There are so many words that are bounced around these days – words like purpose, passion, happiness – meaningful, important words that are losing their power like a song that is played too often on the radio. But really, aren’t they the point? What else could we be here to do other than to be happy? To feel purposeful? To live passionate lives?
But the cynicism of the day has us turn up our noses. And the responsibilities we women have to everyone else turn us to resignation — to “Oh well.” How I’ve come to hate that phrase.
I was definitely living an “oh well” life. A career I hated, a family I LOVE, but that didn’t seem to fulfill me in the way I imagined being a full-time Mommy would. And I remember thinking, quite clearly “Oh, well. Guess this is what it’s going to be for me.” I’d ruined my once lofty career. So now what? I went to one of the best universities in the country, all the promise of upward mobility, an excellent education, a six-figure job, a once brilliant mind that I believed I allowed myself to lose. “I used to be smart, really smart.” I would actually say that to people. A defense. An excuse. Permission to be ordinary.
So what to do? I needed to do SOMETHING. I became an aerobics instructor. When I told my husband my plan, he laughed. “How is it going to feel for you to tell people that you are an aerobics instructor?” he asked.
Like many girls, I started dancing when I was 3 years old. There is nothing special in that. I had the benefit of growing up in New York with access to amazing ballet schools and performance opportunities. But I don’t ever remember LOVING to dance. I was good enough – never great. But what I LOVED was to perform. To be on stage. Performing was, and is, my bliss. In college, I discovered that my love of performing easily transferred to acting – and I realized I had come to hate to dance. Crazy to me now. I quit.
So here I am, 10 years later, a newly certified aerobics instructor. And I decided to teach people to dance. Not dancers, not children – just your average gym-going woman. Young, old, thin, heavy, tall, short, years of dance experience, or none at all. They came. And I taught them to love to move, to love music, and suddenly after years of trying to succeed in school, and in my career, and as a mother – I found success. Teaching something that I was passionate about – and that I let myself lose. Enjoying more than I could have ever imagined watching these women learn to dance. My class is amazing. It is a shining example of women feeling so proud of doing what they never would have believed they could. Through no effort at all, in a role that my own husband felt was a bit of a joke, I learned to lead.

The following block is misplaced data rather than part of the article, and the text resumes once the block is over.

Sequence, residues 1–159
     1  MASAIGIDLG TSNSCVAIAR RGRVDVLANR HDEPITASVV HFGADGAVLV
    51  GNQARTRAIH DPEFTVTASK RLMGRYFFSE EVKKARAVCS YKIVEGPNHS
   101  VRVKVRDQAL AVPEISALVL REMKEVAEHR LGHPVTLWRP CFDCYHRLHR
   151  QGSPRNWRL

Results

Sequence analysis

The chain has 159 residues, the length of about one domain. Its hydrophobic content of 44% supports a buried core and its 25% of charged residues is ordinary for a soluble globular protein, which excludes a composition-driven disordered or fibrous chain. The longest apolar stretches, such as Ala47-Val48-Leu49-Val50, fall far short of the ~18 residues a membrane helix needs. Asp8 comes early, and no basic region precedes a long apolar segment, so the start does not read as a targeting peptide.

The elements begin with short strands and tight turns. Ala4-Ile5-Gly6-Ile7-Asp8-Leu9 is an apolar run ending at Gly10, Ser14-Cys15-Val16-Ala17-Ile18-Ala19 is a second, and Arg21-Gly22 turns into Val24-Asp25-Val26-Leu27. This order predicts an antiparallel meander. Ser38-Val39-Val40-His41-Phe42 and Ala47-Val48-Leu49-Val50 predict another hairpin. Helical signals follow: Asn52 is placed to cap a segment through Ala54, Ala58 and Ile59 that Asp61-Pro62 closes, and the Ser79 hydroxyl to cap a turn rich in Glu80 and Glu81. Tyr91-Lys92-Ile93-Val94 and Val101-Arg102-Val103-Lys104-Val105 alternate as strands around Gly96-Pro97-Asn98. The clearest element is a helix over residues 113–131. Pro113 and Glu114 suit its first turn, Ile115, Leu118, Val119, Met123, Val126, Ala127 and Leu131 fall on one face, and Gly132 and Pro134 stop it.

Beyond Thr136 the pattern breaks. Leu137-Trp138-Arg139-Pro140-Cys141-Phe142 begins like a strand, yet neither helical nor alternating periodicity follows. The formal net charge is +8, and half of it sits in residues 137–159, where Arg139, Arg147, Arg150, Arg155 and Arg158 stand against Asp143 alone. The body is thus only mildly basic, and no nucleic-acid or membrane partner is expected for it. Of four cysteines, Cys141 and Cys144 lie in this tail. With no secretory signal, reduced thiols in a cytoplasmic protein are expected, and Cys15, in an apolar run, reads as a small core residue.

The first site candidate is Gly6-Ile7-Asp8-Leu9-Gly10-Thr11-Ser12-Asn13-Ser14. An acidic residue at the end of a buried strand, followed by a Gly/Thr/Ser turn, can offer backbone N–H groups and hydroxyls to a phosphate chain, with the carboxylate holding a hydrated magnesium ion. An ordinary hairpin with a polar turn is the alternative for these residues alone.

Leadership is another one of those words – at word we scoff at, a word that has lost its meaning because of its absence at the highest levels. But there is brilliant leadership all around us. In the teacher who magically creates serenity in a room full of five-year olds. In an author who inspires strangers to take meaning and inspiration from her words. In the small business owner who believes so fully in what she is doing that there is no chance she won’t succeed. There is a leader in all of us.
Throughout the ages there have been many that have tried to define leadership with words.
“Leaders provide a mental picture of a preferred future and then ask people to follow them there.” – Adam Stanley
”Leadership is ultimately about creating a way for people to contribute to making something extraordinary happen.” –Alan Keith
“A leader is one who mobilizes; one whose focus is influencing people; a person who is goal driven; and someone who has people willing to follow them.” — George Barna
“Leadership is the art of getting someone else to do something you want done because he wants to do it.” –Dwight D. Eisenhower